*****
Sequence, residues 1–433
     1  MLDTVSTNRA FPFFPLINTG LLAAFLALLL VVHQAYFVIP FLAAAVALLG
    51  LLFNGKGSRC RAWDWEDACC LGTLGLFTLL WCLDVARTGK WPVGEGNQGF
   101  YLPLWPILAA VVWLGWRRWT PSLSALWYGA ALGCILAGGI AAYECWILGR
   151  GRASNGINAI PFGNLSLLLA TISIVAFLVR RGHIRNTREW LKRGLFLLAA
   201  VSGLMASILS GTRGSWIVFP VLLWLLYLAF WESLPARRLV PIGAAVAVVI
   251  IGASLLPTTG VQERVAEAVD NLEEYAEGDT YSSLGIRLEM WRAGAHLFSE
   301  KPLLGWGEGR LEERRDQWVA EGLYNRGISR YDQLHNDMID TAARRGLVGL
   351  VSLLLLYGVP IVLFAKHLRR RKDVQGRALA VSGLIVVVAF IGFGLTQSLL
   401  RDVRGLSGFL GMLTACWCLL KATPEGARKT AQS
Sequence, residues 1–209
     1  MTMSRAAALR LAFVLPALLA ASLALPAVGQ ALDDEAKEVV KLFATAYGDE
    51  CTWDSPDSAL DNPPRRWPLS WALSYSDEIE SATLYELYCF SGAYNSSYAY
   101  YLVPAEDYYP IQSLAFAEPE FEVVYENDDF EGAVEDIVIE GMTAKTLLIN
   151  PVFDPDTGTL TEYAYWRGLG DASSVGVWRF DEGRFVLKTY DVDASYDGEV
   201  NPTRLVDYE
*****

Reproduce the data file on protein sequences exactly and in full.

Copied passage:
Sequence, residues 1–433
     1  MLDTVSTNRA FPFFPLINTG LLAAFLALLL VVHQAYFVIP FLAAAVALLG
    51  LLFNGKGSRC RAWDWEDACC LGTLGLFTLL WCLDVARTGK WPVGEGNQGF
   101  YLPLWPILAA VVWLGWRRWT PSLSALWYGA ALGCILAGGI AAYECWILGR
   151  GRASNGINAI PFGNLSLLLA TISIVAFLVR RGHIRNTREW LKRGLFLLAA
   201  VSGLMASILS GTRGSWIVFP VLLWLLYLAF WESLPARRLV PIGAAVAVVI
   251  IGASLLPTTG VQERVAEAVD NLEEYAEGDT YSSLGIRLEM WRAGAHLFSE
   301  KPLLGWGEGR LEERRDQWVA EGLYNRGISR YDQLHNDMID TAARRGLVGL
   351  VSLLLLYGVP IVLFAKHLRR RKDVQGRALA VSGLIVVVAF IGFGLTQSLL
   401  RDVRGLSGFL GMLTACWCLL KATPEGARKT AQS
Sequence, residues 1–209
     1  MTMSRAAALR LAFVLPALLA ASLALPAVGQ ALDDEAKEVV KLFATAYGDE
    51  CTWDSPDSAL DNPPRRWPLS WALSYSDEIE SATLYELYCF SGAYNSSYAY
   101  YLVPAEDYYP IQSLAFAEPE FEVVYENDDF EGAVEDIVIE GMTAKTLLIN
   151  PVFDPDTGTL TEYAYWRGLG DASSVGVWRF DEGRFVLKTY DVDASYDGEV
   201  NPTRLVDYE